About

Small and Medium Enterprises (SMEs) can serve as an engine of economic growth as long as they operate and innovate in ethical business environments. To address this issue, APEC SME Ministers issued a joint statement in September 2010 calling for the development of APEC codes of ethics in key sectors.[1]  Reinforced by APEC Ministers (foreign and trade ministers) in November 2010 in Yokohama,[2] this call launched the Business Ethics for APEC SMEs Initiative to improve and align industry practices – beginning with the development of APEC principles for code of ethics – within the medical device, biopharmaceutical, and construction and engineering sectors.  With support from all 21 APEC member economies, $1.2 million[3] (USD) in multi-stakeholder contributions was secured in 2011 to advance the initiative. With a multi-year effort underway to implement the principles across the region, APEC Leaders (heads of state) declared their support for the initiative in September 2012 in Vladivostok.[4] The initiative was expanded in 2013 to include participation by key stakeholders in all ten ASEAN economies. Recognizing the results achieved, APEC SME Ministers announced their support in September 2013 for the first APEC Business Ethics Forum to continue regional cooperation and capacity building during China’s APEC 2014 host year.[5]    

 

APEC Principles for Voluntary Codes of Ethics

 

Voluntary codes of ethics benefit APEC economies by providing a platform for effective industry self-regulation while supporting government enforcement and anti-corruption efforts. They benefit businesses, especially resource-constrained SMEs, by providing clarity and harmonization in industry practices and by enabling firms to compete across the region at a reduced cost. Ethical collaborations fueled by high-standard codes also ensure decisions are made in the best interest of consumers and patients. With this understanding, Expert Working Groups were convened to draft three sets of APEC Principles for Voluntary Codes of Ethics:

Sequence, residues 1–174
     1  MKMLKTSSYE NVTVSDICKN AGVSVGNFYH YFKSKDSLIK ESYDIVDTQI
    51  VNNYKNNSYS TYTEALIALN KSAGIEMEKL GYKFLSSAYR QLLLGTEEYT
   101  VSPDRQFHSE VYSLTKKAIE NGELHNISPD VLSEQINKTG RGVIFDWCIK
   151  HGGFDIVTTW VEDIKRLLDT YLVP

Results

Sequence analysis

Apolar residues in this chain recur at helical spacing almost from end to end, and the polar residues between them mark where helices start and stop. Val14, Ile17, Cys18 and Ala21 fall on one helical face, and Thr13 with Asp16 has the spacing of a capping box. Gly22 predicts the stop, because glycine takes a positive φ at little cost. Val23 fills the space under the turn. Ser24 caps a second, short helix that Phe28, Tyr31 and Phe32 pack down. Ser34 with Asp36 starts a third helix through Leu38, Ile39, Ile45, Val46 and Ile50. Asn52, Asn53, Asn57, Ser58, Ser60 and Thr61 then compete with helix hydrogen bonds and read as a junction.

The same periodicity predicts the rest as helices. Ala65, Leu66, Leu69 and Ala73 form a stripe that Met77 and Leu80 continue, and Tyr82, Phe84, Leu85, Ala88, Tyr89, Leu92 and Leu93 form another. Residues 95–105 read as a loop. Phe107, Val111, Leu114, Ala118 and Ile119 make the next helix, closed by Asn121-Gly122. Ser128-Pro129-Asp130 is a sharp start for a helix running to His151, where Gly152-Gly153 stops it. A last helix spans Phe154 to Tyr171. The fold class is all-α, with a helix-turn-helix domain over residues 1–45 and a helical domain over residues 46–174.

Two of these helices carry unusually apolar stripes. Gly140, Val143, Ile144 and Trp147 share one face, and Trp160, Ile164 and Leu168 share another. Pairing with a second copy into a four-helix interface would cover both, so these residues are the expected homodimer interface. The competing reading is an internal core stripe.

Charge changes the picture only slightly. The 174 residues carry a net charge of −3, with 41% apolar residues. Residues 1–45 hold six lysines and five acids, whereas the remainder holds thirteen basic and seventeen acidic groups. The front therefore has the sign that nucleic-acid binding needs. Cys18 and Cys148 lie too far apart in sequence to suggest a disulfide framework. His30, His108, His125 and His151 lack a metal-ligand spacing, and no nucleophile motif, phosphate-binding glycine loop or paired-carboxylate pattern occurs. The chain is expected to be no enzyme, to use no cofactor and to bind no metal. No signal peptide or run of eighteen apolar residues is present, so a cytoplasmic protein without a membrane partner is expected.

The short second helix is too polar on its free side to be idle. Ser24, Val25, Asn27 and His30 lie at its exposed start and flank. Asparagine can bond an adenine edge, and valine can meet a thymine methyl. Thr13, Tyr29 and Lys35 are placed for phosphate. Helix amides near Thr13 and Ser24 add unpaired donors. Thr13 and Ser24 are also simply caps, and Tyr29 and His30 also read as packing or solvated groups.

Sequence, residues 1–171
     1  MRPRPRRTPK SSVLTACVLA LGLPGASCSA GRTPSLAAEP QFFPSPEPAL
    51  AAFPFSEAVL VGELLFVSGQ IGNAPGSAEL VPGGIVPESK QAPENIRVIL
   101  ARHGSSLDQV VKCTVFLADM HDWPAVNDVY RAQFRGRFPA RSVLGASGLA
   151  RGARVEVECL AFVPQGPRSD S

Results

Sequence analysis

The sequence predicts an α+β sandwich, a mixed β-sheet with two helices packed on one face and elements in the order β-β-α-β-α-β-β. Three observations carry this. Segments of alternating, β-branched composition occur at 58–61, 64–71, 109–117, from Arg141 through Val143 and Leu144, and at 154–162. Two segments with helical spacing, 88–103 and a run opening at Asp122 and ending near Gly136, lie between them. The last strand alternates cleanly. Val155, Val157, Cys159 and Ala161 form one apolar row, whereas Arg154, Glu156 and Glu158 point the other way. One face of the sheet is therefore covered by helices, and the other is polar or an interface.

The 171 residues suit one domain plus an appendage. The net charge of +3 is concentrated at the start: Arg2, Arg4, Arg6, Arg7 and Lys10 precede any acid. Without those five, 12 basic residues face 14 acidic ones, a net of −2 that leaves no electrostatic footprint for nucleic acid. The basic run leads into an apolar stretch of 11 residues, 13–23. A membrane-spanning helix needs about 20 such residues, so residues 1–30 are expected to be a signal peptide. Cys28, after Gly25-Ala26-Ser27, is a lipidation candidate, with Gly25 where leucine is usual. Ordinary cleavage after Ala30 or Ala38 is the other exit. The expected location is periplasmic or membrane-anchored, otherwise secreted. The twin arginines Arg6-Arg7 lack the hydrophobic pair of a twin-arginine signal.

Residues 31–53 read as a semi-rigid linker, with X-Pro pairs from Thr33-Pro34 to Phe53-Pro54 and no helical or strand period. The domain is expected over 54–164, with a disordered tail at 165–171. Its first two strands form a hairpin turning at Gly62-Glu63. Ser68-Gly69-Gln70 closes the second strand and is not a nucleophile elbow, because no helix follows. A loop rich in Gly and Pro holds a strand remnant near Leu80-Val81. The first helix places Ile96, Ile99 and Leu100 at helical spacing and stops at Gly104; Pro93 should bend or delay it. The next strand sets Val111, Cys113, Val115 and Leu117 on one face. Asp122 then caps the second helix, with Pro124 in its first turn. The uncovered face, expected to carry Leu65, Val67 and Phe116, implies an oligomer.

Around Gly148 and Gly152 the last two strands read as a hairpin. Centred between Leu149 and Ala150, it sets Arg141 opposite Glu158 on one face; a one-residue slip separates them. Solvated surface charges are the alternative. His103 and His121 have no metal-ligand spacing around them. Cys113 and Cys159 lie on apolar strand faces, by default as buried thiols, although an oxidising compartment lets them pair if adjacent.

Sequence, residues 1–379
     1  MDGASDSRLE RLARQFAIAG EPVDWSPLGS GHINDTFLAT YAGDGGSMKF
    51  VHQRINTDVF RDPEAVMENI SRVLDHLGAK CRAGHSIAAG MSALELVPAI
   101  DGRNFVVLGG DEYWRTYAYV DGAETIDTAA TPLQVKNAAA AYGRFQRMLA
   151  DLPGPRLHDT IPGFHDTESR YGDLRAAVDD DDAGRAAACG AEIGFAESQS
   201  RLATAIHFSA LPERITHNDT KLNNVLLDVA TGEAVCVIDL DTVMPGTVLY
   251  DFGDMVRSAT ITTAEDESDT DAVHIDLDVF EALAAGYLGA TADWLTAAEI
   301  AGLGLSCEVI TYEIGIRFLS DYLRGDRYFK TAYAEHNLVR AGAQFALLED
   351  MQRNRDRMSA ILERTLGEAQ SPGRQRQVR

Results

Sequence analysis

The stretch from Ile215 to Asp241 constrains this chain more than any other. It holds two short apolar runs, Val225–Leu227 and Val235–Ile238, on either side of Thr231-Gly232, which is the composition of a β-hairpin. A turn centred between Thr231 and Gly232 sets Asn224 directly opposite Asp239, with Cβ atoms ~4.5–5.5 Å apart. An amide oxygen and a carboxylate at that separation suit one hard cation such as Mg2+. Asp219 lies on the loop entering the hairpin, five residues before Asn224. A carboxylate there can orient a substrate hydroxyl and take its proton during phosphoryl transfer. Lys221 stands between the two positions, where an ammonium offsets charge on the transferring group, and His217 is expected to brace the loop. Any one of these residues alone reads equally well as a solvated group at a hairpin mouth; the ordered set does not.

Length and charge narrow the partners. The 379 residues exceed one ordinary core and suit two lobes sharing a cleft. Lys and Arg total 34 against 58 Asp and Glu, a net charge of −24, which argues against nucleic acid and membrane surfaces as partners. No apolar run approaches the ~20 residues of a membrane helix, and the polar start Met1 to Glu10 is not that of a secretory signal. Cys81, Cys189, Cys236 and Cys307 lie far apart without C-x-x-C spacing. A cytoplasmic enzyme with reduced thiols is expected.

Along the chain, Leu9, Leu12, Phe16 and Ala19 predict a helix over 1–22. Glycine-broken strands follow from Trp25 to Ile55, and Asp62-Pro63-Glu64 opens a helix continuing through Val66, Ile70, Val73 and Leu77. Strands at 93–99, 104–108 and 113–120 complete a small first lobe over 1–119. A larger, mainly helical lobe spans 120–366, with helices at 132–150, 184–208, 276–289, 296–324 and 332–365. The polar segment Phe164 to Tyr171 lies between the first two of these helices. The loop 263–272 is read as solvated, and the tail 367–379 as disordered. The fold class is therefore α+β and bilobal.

• In April 2011, an Expert Working Group was convened in Kuala Lumpur to formulate APEC principles for codes of ethics in the medical device sector.  The meeting brought together industry compliance experts, anti-corruption and health officials, and academics from 18 APEC economies. Co-Chaired on a public-private partnership basis by Malaysia (Malaysia SME Corp) and the United States (AdvaMed), the Expert Working Group developed a consensus set of APEC Principles for Voluntary Codes of Ethics in the Medical Device Sector (The Kuala Lumpur Principles).[6]  The KL Principles were swiftly endorsed by APEC SME Ministers in May 2011.[7]  

 

  • In September 2011, an Expert Working Group was convened in Mexico City to formulate APEC Principles for codes of ethics in the biopharmaceutical sector. The meeting brought together industry compliance experts, anti-corruption and health officials, and academics from 14 APEC economies.  Co-Chaired on a public-private partnership basis by Mexico (Ministry of Economy) and Canada (Rx&D), the Expert Working Group developed a consensus set of APEC Principles for Voluntary Codes of Ethics in the Biopharmaceutical Sector (The Mexico City Principles).[8] The Mexico City Principles call upon all biopharmaceutical sector stakeholders to embrace aligned standards for ethical interactions, including companies and industry associations, professional organizations (such as physician associations), as well as regulatory and anti-corruption authorities.